Stop trying and simply do

I love words, love their roots, love their meanings. So, here’s a bit about the word ‘try.’  It comes from an old French word ‘trier’ which means ‘to sort’. So think of a legal trial. It’s how we sort out the evidence and sort out who’s guilty and who’s innocent (not always accurately, mind). Think of the hospital triage. It’s how they sort out which patient most urgently needs to be seen based on the type of illness or injury. And think of a try in sport – it sorts out who gets the point for their team.

The modern definition of ‘to try’ is ‘to make an effort or attempt’ (thanks again Mr. Collins Dictionary). Let’s break this down. To qualify as trying, there has to be some sort of effort or attempt going on – in other words, you’ve got to take action.

When we take action, we sort stuff out – what we like and don’t like, what tastes good and what doesn’t, what hurts and what feels good etc.  But without action, you’ll never know. That’s why children need to explore their environment to learn – because you come to know things through experiencing them, not through simply being told how something is.

So, we need action to sort our world out. And this is called trying. Do you like mushrooms? How do you know? Have you tried them? Like that. But another meaning has been attached to the word, ‘trying,’ where we attempt to explain what our goal is.  To give you an example: “I’m gonna try and give up smoking.”  So, you’ve heard enough evidence to convince you that smoking is terrible for your health, it’s heavy on the wallet and you’re getting funny looks when you get too close to people (read: halitosis).  You decide to quit smoking.  You tell yourself and others, “I’m gonna try and give up smoking.”  That’s how trying is associating with the goal of giving up smoking.  But according to the real meaning of trying being a non-smoker, an effort or attempt is required.  And once you take action, you’ve really already done what you say you’re trying to do.

If you say ‘no’ to just one cigarette, you’ve already stopped smoking.  You’ve succeeded.  That action recurs every time you say ‘no’ to another cigarette.  So you don’t need to ‘try.’  You just need to do.  The point isn’t whether or not you start smoking again the next day. In your mind, you made the decision to quit and you took direct action. This direct action of not having a cigarette, when you want one or would normally reach for one, is what brings success, not the thought that preceeded the action.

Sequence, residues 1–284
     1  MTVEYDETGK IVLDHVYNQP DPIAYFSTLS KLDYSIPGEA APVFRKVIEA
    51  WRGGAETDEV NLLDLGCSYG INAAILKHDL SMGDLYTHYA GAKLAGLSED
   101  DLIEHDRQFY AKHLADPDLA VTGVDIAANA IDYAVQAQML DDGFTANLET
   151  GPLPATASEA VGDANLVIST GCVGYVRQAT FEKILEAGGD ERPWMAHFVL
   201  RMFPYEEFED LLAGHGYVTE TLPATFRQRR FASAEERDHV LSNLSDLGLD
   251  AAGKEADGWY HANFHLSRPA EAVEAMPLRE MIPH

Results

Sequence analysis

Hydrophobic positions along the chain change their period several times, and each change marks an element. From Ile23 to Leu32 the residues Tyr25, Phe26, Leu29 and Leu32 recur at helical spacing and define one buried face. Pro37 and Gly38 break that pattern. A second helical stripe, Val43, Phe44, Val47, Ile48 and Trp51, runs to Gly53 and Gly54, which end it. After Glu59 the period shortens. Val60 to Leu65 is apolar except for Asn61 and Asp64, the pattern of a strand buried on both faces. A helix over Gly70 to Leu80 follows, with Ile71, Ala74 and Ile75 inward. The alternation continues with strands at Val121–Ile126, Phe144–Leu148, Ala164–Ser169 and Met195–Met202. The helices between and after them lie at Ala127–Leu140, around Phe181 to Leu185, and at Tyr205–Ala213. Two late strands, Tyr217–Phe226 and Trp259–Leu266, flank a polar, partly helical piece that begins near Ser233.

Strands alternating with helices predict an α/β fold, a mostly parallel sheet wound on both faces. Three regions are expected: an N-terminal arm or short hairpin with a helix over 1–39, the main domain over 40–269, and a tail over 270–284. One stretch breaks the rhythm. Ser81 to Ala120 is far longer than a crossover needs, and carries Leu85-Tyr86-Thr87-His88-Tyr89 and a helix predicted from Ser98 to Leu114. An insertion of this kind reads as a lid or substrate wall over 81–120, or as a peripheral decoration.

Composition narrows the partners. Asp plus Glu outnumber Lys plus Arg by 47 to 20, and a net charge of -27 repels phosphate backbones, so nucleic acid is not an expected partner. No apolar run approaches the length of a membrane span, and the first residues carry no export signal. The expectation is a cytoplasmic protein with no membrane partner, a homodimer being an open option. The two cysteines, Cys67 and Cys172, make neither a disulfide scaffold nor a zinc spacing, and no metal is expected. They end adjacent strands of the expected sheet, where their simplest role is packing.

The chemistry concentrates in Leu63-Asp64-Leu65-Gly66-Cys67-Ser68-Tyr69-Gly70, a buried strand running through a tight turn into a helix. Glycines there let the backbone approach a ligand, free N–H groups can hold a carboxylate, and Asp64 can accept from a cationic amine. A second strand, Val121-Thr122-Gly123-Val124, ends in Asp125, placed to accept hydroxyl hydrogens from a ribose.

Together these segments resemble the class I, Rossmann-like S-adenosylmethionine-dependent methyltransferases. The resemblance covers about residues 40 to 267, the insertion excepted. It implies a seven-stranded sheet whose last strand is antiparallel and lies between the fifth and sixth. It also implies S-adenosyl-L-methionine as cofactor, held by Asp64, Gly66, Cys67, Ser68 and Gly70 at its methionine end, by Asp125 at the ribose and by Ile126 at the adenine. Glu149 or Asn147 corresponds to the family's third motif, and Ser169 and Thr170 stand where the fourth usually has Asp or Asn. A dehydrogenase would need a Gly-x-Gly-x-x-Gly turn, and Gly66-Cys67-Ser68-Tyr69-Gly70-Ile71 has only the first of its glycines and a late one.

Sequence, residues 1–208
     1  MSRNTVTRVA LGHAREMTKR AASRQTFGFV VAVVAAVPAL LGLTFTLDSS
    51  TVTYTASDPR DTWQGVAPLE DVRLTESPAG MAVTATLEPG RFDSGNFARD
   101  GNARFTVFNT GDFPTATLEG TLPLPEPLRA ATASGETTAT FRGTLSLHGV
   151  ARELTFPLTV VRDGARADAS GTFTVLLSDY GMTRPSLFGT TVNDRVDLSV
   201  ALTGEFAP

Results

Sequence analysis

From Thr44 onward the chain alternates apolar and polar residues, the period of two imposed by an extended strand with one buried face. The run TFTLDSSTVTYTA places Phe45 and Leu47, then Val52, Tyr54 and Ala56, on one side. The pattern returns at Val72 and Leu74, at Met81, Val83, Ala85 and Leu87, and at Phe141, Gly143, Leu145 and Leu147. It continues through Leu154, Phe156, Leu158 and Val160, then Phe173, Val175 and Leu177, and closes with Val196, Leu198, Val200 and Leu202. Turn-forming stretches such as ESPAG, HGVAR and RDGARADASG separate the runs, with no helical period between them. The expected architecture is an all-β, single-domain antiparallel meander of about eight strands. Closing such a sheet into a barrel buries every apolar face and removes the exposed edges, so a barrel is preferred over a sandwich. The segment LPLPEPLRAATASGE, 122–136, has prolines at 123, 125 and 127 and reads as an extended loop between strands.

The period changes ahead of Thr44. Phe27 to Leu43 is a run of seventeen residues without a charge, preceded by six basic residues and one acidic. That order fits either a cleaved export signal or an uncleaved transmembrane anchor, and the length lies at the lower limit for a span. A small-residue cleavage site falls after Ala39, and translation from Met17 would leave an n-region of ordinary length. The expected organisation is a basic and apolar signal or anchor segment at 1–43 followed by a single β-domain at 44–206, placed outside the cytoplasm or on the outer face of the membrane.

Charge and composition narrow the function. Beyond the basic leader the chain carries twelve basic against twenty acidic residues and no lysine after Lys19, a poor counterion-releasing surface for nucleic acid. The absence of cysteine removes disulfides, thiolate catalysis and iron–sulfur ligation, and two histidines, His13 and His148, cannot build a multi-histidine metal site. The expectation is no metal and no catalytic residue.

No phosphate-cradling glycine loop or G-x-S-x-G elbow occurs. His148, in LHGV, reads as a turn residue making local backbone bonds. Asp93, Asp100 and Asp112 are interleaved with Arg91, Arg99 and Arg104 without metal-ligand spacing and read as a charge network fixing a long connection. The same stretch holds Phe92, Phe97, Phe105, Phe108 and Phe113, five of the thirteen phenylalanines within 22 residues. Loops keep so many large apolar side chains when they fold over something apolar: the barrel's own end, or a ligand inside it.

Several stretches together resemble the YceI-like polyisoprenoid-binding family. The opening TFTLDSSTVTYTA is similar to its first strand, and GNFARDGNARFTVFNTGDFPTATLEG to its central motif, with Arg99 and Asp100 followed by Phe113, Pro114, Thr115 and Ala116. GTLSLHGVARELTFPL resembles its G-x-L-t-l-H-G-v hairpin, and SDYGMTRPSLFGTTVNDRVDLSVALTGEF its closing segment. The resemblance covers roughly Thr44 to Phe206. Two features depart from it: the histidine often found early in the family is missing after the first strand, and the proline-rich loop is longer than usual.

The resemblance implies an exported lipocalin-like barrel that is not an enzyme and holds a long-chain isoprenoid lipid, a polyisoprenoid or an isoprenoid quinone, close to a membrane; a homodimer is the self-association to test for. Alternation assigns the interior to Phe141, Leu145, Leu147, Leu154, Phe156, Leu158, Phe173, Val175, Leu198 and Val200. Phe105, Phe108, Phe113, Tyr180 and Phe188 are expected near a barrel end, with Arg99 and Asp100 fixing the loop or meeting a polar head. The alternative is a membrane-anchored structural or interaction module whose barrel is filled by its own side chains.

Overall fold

Here’s the thing.  Most of us say we’ll try something as a way to avoid taking direct action. Have you said any of these?

  • I’ll try to finish my assignment tomorrow
  • I’ll try to remember to bring the washing in
  • I’ll try to come to the party
  • I’ll try to get to the doctor this week
  • I’ll try to lose weight (ouch)
  • I’ll try to get to the gym/go for a walk today
  • I’ll try to get more organised
  • I’ll try not to swear anymore

If you answered yes, welcome to the Gunna-do club we’ve all visited from time to time.

The suggested alternative to trying

There are lots of responses you could think of to the statements above. Here’s a couple:

  • what will you be doing more of or less of to trim down?
  • what time are you going to the gym today?
  • what needs to happen to help you prepare for your busy week?

They’re great, but in the name of simplifying, here’s my one key alternative response that you can use for any “I’ll try” statement. Ready?

Q: What will you do to make this [goal] happen?

A: I’ll do [action] to make [goal] happen.

In other words, I’ll take direct (and where possible, immediate) action to ensure the goal is attempted in some shape or form, however well I can.

There’s no in-between. There cannot be ‘trying’ without effort, and once you exert the effort, you’ve taken action – in other words, you’ve moved towards your desired outcome.  You might need help, practice, up-skilling, multiple attempts – whatever. The point is, you’re doing. And that is the only way to succeed at anything.

You know the old saying, if at first you don’t succeed, try, try again? What about…

If at first you don’t succeed, stop ‘trying’ (or talking about doing) and start taking more action, different action, and keep taking action until you reach your goals, fulfil your dreams, and transform your life!

 

This ain’t no New Year’s resolution